Lone Survivor of Alabama Church Bombing Visits San Diego


By Edward Henderson, Traci Carlisle, LeMar Slater

On Saturday, April 30th, City Councilmember Myrtle Cole honored Sarah Collins Rudolph for her life-long struggle and determination to spread the word that love will always defeat hate. Rudolph is the lone survivor of five young girls involved in a church bombing by the hands of the Klu Klux Klan on September 15th, 1963 in Birmingham, Alabama.  Cynthia Wesley, Carol Robertson, Denise McNair, and Mrs. Rudolph’s older sister, Addie Mae Collins lost their lives in the attack. Mrs. Rudolph was in Southern California conducting her Living Legacy Educational Tour. The purpose of the tour was to interact with principals, teachers and students to share her story of forgiveness.

Mrs. Rudolph conducted her Special Living History Interactive Class with Lincoln, Morse, Crawford, Hoover, San Diego, Mission Bay and Serra High School. Over 1,700 students participated in the engaging conversation.

Frank Jordan, who hosted Mrs. Rudolph and her husband George during their visit, opened up the Class Sessions with a brief history on how life was, before African Americans had the right to vote. He also shared with the students, how people of color’s thirst for education was the driving force that compelled people to get involved, and register to vote. Mr. Jordan’s opening comments set the tone for an open discussion between the students and Mrs. Rudolph. Prior to the student’s active engagement, a short film was shown about the bombing and Rudolph’s story. After witnessing the short film, many of the teachers and students had tears in their eyes.

“The highlight of my trip was speaking to the kids and letting them know what happened back then,” Mrs. Rudolph said. Some of the young people don’t know about the history of the bombing. Several people died to give them an opportunity to have an education and vote. They need to be ready for when election time comes.”

Mrs. Rudolph’s story is compelling because she has found a way through her faith to forgive the people who set the bombs off in the basement bathroom of the 16th Street Baptist Church on that fateful day.

“It was about 1986 when I forgave them. I held a lot of it in the inside from being a child. I looked at it as all Caucasians were mean people. But it wasn’t all of them, just some. There were a lot of different people who marched with us. I had to make it up in my mind to forgive. The anger wasn’t going to bring my sister back or the other girls who were killed.”

Mrs. Rudolph’s visit to San Diego began over 2 years ago.

Mr. Jordan coordinated a red carpet salute for Mrs. Rudolph and her husband in Boston, Massachusetts in conjunction with the City of Boston, the Boston Red Sox, the Boston Area Church League, the Greater Boston Convention and Tourism Bureau, along with various business and labor organizations.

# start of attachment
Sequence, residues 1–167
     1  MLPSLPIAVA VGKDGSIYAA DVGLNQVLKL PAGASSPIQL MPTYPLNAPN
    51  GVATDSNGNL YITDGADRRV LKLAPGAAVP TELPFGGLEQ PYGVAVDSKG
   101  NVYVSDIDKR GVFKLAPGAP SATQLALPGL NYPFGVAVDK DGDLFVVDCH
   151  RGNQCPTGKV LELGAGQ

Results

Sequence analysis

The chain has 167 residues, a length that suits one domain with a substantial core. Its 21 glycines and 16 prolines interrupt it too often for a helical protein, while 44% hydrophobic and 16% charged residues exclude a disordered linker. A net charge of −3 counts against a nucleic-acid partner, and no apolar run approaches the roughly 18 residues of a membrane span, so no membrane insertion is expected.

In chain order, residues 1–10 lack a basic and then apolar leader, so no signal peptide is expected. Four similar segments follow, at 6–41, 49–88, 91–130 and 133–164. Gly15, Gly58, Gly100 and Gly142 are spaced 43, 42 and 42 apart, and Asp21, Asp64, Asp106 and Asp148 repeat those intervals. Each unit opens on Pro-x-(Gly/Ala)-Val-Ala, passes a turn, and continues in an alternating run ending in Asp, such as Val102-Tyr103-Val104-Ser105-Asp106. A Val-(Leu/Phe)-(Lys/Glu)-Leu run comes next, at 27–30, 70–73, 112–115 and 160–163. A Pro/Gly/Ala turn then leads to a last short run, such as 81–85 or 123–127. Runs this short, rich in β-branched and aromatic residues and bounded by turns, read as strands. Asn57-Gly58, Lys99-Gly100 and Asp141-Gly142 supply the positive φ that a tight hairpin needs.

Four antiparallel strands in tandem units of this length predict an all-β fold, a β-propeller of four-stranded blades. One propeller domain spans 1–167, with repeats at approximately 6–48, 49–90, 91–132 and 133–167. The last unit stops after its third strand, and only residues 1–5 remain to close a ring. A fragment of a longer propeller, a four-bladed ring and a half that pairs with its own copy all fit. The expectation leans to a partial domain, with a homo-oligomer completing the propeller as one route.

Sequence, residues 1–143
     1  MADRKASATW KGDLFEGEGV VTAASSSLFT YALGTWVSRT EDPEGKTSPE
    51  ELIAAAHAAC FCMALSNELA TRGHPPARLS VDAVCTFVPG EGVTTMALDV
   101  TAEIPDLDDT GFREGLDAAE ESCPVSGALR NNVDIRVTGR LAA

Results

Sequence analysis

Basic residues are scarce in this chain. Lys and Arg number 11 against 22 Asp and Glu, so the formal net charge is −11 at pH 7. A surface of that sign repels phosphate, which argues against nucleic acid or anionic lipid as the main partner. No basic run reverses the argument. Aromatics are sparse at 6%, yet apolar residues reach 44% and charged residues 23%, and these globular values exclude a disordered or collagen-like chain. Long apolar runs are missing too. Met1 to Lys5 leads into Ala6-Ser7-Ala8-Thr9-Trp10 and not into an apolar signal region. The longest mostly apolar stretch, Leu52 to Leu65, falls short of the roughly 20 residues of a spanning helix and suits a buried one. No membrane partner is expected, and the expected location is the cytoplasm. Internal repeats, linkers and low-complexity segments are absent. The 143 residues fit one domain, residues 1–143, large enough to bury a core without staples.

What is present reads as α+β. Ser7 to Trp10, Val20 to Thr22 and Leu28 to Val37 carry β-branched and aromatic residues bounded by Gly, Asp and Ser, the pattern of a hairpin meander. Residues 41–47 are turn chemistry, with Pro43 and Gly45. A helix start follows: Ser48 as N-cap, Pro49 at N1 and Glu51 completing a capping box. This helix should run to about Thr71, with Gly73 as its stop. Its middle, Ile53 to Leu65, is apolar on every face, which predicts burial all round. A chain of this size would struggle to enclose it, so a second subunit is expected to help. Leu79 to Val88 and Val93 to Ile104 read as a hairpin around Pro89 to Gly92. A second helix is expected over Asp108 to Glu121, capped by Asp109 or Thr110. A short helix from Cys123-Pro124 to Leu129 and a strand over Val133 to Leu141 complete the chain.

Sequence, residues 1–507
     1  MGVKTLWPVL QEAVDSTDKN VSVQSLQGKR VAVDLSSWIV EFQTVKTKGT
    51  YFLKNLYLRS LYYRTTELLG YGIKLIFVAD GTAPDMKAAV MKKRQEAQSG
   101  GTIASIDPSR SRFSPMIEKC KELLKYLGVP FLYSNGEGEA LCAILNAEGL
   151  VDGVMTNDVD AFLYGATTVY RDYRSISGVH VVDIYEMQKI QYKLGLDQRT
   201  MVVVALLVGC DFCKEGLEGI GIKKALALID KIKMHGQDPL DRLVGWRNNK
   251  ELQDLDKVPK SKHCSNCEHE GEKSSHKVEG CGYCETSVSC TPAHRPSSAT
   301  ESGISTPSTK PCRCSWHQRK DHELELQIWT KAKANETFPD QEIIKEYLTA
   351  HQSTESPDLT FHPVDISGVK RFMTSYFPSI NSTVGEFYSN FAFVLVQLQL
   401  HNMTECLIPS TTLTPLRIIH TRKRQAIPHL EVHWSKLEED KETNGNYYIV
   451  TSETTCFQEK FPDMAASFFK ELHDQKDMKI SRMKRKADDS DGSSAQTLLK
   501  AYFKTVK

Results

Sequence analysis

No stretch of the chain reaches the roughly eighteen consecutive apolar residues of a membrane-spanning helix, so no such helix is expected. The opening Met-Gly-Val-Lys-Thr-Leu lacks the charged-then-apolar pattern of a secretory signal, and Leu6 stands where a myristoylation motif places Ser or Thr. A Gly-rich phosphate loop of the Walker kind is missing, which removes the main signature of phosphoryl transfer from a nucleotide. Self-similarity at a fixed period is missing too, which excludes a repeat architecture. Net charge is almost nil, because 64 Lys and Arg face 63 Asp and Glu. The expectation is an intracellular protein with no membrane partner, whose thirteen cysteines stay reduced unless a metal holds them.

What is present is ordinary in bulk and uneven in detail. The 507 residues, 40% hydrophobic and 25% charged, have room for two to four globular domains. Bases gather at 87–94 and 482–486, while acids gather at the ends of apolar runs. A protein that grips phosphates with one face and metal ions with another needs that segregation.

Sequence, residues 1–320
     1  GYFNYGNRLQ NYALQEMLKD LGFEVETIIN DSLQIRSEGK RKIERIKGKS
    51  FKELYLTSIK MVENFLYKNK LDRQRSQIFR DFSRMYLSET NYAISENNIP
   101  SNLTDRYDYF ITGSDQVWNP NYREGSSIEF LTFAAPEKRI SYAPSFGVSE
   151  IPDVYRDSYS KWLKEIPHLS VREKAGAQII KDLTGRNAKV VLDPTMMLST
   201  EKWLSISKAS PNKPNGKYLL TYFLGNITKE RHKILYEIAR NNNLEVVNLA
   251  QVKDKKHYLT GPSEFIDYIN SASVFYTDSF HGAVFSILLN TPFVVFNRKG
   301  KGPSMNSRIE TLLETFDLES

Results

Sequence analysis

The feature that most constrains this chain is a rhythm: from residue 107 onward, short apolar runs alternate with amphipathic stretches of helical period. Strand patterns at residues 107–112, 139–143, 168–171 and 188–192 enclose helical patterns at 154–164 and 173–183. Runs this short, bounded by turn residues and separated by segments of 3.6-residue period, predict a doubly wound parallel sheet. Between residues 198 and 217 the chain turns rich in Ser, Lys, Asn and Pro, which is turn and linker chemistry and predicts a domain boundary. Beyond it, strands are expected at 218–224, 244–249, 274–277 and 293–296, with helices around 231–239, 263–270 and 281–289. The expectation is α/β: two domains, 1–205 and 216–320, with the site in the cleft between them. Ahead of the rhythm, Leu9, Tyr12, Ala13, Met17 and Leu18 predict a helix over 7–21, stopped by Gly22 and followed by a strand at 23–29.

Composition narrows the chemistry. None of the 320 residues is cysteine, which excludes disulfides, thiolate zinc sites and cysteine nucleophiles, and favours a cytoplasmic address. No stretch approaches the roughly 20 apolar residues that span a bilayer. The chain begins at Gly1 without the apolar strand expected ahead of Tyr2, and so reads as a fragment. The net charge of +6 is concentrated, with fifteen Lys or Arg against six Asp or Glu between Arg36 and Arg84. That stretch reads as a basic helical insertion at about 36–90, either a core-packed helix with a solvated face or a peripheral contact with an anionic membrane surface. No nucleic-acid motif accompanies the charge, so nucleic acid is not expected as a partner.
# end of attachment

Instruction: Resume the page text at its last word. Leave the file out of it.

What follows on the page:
There was a Leadership Breakfast and the Master of Ceremony was Professor Charles Ogletree.

Mrs. Rudolph visited several community colleges and was honored at a pre-game ceremony at Fenway Park. Over 30,000 baseball fans heard her story and rose to their feet to give her a standing ovation. After the event, Mrs. Collins expressed her interest in visiting the west coast for the first time.

When Mrs. Rudolph’s Southern California visit was confirmed, the San Diego community made sure they gave a proper greeting. Bishop George D. McKinney graciously offered to honor her at the St. Stephen’s Church of God In Church with a Civil Rights Play and a Gospel Musical.

Written and directed by Maxine Clark, the play depicted scenes such as the moving scene of a young Black girl being sold on the auction block. There was a compelling sound track of an auctioneer played during the scene. Those in the attendance actually challenged their history and found a deep sense of sadness when they connected to the past. The play also included scenes about the Underground Railroad, the March of Washington, and the election of President Obama. The final scene of the play depicted the mutual respect between Martin Luther King Jr. and Caesar Chavez because many of King’s leaders helped Chavez organize the Farm Workers Union.

As a part of the community honors for Sarah Collins Rudolph, San Diego School Board Trustee Dr. Sharon Whitehurst Payne presented a proclamation on behalf of the San Diego Unified School Board for Mrs. Rudolph’s volunteer work around the country educating students about life during the Jim Crow South. The St. Stephen’s Cathedral Choir, under the direction of Norma Handy sang Negro Spirituals and other songs that are significant to the Civil Rights Movement.

While Mrs. Rudolph continues to live with the pain, suffering, scars and the memories of that horrific Sunday morning her message is clear; “When you hate, you cannot live in peace.”